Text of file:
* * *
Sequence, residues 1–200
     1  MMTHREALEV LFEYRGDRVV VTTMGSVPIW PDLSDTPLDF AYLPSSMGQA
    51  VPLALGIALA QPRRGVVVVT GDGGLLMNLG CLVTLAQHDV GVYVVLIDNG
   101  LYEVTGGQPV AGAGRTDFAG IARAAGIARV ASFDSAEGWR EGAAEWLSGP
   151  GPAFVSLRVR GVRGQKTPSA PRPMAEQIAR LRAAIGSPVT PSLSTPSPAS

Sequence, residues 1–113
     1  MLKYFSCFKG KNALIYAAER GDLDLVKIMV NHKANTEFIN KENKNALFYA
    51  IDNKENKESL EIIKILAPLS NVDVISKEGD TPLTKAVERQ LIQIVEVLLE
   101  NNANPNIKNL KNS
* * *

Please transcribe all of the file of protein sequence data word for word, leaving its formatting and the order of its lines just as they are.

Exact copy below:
Sequence, residues 1–200
     1  MMTHREALEV LFEYRGDRVV VTTMGSVPIW PDLSDTPLDF AYLPSSMGQA
    51  VPLALGIALA QPRRGVVVVT GDGGLLMNLG CLVTLAQHDV GVYVVLIDNG
   101  LYEVTGGQPV AGAGRTDFAG IARAAGIARV ASFDSAEGWR EGAAEWLSGP
   151  GPAFVSLRVR GVRGQKTPSA PRPMAEQIAR LRAAIGSPVT PSLSTPSPAS

Sequence, residues 1–113
     1  MLKYFSCFKG KNALIYAAER GDLDLVKIMV NHKANTEFIN KENKNALFYA
    51  IDNKENKESL EIIKILAPLS NVDVISKEGD TPLTKAVERQ LIQIVEVLLE
   101  NNANPNIKNL KNS